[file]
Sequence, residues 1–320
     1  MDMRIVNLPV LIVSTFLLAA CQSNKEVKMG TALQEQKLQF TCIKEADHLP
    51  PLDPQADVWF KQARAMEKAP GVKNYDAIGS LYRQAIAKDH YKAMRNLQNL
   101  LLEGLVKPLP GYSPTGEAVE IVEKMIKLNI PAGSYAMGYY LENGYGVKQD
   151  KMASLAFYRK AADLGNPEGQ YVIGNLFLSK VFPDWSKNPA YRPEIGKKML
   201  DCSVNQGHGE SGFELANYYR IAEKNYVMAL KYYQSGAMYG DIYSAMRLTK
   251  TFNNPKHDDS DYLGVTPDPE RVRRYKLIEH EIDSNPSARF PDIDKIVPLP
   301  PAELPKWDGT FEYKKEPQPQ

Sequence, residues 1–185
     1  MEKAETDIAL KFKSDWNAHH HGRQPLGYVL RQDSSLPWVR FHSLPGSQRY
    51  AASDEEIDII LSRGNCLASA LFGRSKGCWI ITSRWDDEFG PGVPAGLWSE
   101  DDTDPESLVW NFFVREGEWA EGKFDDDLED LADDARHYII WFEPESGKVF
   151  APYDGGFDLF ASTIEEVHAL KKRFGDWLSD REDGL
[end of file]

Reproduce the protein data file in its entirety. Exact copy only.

Sequence, residues 1–320
     1  MDMRIVNLPV LIVSTFLLAA CQSNKEVKMG TALQEQKLQF TCIKEADHLP
    51  PLDPQADVWF KQARAMEKAP GVKNYDAIGS LYRQAIAKDH YKAMRNLQNL
   101  LLEGLVKPLP GYSPTGEAVE IVEKMIKLNI PAGSYAMGYY LENGYGVKQD
   151  KMASLAFYRK AADLGNPEGQ YVIGNLFLSK VFPDWSKNPA YRPEIGKKML
   201  DCSVNQGHGE SGFELANYYR IAEKNYVMAL KYYQSGAMYG DIYSAMRLTK
   251  TFNNPKHDDS DYLGVTPDPE RVRRYKLIEH EIDSNPSARF PDIDKIVPLP
   301  PAELPKWDGT FEYKKEPQPQ

Sequence, residues 1–185
     1  MEKAETDIAL KFKSDWNAHH HGRQPLGYVL RQDSSLPWVR FHSLPGSQRY
    51  AASDEEIDII LSRGNCLASA LFGRSKGCWI ITSRWDDEFG PGVPAGLWSE
   101  DDTDPESLVW NFFVREGEWA EGKFDDDLED LADDARHYII WFEPESGKVF
   151  APYDGGFDLF ASTIEEVHAL KKRFGDWLSD REDGL